Manual Chapter : Disaggregation DAG Modes

Applies To:

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  • 13.0.1, 13.0.0
Manual Chapter

Disaggregation (DAG) Modes

BIG-IP® scalability relies on load balancing (parallelizing) the processing of incoming packets across a large number of TMMs (cores). This is accomplished with various disaggregation algorithms. This section provides a concise description of these algorithms. Note, selecting the wrong disaggregation mode can have a severe impact on performance.

DAG is configured per VLAN. Note, this means that the client and server sides of BIG-IP should be configured on different VLANs. So it's possible to configure different DAG modes for client and server connections. However, when a server responds to a client request, and a connection is already established, DAG is not used.

DAG Modes via TMSH

Table 1. DAG Modes via TMSH
DAG Mode Configuration Object TMSH Commands
Default-DAG VLAN $ modify net vlan <vlan_name> cmp-hash default

$ modify net vlan <src_vlan_name> cmp-hash src-ip

$ modify net vlan <dst_vlan_name> cmp-hash dst-ip


$ modify net vlan <vlan_name> dag-round-robin enabled

$ modify sys db dag.roundrobin.udp.portlist value "5060"

$ modify ltm profile udp <udp_profile_name> idle-timeout 0

Default DAG

The Default DAG uses a hash of source and destination port. It is useful when ephemeral ports are used in client side and server side connections. When source and destination ports are the same TMM-0 will be used. This is an issue in that the traffic will not be load balanced and TMM-0 will quickly be overloaded. This DAG requires randomness in the source or destination port. If a client doesn't specify a source port then an ephemeral port will be used and Default DAG will work properly. Note, the ephemeral port must increment randomly or by single digits. If it's incremented by an even number, such as two, or by the number of TMMs then it's possible that it will hash to the same TMM or a small set of TMMs, which will negatively impact BIG-IP® performance.

Key Points

  • Port Based.
  • Works best when clients use ephemeral ports.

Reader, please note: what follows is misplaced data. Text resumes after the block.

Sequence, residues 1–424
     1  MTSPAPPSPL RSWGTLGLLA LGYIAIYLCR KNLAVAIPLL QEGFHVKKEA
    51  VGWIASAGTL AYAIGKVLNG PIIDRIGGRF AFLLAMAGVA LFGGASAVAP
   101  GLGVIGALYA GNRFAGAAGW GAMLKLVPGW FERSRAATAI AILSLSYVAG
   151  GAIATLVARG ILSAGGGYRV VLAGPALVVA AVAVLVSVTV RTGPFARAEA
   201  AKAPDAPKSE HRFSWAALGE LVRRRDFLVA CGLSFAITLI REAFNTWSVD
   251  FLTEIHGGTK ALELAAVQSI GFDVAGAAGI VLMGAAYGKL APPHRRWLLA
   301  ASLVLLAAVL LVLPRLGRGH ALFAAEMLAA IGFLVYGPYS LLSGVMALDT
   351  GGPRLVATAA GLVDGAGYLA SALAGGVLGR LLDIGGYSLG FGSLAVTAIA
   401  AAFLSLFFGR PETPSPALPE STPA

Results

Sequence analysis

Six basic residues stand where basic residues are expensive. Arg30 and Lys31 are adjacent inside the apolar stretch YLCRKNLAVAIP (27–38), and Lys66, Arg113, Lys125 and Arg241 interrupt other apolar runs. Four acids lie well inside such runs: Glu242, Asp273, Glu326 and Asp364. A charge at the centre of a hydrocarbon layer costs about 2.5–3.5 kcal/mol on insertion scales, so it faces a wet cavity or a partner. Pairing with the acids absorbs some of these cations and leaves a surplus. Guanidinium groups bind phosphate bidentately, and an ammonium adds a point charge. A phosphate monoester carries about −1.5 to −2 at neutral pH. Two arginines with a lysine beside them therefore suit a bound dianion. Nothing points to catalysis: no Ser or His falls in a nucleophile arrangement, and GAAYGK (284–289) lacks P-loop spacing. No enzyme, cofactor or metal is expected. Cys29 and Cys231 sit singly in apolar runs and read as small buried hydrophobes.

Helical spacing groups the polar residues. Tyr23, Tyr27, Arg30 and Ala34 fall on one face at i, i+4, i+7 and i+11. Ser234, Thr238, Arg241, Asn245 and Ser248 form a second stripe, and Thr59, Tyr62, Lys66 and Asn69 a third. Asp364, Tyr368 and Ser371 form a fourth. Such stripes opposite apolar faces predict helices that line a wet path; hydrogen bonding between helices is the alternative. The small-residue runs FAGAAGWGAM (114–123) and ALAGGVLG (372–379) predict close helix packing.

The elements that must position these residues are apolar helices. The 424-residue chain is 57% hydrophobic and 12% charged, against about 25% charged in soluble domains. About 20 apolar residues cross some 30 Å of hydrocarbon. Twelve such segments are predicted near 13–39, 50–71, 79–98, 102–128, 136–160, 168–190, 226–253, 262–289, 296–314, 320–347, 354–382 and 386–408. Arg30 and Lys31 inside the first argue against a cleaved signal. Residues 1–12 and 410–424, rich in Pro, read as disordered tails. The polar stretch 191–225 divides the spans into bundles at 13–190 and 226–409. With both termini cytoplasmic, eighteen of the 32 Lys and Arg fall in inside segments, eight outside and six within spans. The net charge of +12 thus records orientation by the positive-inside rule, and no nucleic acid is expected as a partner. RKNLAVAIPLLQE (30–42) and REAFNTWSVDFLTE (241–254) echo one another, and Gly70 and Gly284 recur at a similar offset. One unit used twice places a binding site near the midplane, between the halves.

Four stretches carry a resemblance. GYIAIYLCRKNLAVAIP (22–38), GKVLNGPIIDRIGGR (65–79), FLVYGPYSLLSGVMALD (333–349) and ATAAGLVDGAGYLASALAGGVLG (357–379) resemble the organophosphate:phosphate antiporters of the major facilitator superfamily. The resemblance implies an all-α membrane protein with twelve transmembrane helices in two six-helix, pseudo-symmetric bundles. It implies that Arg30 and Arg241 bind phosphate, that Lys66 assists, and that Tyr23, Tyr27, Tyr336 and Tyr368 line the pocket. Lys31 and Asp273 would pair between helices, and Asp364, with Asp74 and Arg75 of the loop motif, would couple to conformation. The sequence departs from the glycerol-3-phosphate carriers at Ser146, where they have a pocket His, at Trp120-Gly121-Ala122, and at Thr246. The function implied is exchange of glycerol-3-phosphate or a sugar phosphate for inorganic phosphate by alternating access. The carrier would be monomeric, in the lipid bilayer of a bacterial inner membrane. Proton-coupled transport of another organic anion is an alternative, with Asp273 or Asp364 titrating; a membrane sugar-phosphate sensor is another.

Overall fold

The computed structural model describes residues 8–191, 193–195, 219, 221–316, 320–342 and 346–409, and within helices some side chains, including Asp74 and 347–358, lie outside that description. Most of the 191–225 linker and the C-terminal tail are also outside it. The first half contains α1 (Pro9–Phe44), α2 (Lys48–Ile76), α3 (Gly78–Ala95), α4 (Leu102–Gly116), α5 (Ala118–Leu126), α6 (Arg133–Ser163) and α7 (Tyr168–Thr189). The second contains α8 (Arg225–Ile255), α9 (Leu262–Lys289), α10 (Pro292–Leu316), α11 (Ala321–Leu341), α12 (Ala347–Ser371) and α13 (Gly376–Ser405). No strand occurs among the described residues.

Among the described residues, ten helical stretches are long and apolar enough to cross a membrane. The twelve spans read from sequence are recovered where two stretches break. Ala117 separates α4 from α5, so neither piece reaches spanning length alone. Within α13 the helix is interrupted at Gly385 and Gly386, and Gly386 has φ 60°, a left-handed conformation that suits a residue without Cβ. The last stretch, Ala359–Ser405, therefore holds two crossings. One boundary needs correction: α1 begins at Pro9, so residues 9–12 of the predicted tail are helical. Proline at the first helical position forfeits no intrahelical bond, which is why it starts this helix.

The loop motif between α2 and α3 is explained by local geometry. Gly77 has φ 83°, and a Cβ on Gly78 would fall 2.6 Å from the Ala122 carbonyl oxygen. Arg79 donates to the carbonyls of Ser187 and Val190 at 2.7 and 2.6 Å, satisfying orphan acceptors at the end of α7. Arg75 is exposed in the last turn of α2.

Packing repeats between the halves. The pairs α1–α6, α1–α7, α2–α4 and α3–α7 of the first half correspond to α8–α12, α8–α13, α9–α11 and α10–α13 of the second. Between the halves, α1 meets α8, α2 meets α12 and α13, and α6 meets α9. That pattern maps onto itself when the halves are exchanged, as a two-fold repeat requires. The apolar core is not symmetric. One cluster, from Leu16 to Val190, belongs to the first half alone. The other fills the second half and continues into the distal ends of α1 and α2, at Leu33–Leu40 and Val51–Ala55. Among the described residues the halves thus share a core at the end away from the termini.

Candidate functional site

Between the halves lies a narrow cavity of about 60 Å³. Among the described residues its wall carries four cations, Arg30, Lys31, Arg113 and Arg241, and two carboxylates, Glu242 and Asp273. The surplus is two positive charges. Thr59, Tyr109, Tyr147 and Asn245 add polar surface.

• Can work with 1 to n clients.
Default DAG example

Default DAG example

Source/Destination DAG (SP-DAG)

The SP-DAG uses a hash of source IP (from client) and destination IP address (server). This mode should be used when source and destination ports are hardcoded (for example 5060). In that case, a BIG-IP® system requires multiple client IP address or multiple server IP addresses. Keep in mind, most connections are initiated by the client and that's the "Source DAG" option. In this case, the "Destination DAG" could be a single IP, but the source client IP should have more that a single IP address.

Key Points

  • IP Address Based
  • Works best when number of clients is equal to or more than the number of TMMs in BIG-IP system.
  • Performance will be impacted if clients consist of only a few SIP Proxy connections. In this case the IP Address entropy will be too low to load balance the incoming packets across available TMMs.
Source/Destination DAG (SP-DAG) example

Source/Destination DAG (SP-DAG) example

Round Robin DAG (RR-DAG)

R-DAG was designed to overcome the low entropy limitations of Default DAG and SP-Dag; although for UDP only. Furthermore, RR-DAG is hardware only and can't be used in a VE. Round Robin DAG distributes traffic by sending each consecutive packet to a different TMM. It does not rely on the IP address, or source port, of the client. One limitation of RR-DAG is that it's global and can be configured for only one port.

Key Points

  • UDP Only
  • Requires hardware (not an option in VE)
  • Sends each consecutive packet to a different TMM.

$ modify net vlan <vlan_name> dag-round-robin enabled

$ modify sys db dag.roundrobin.udp.portlist value "5060"

Round Robin DAG (RR-DAG) example

Round Robin DAG (RR-DAG) example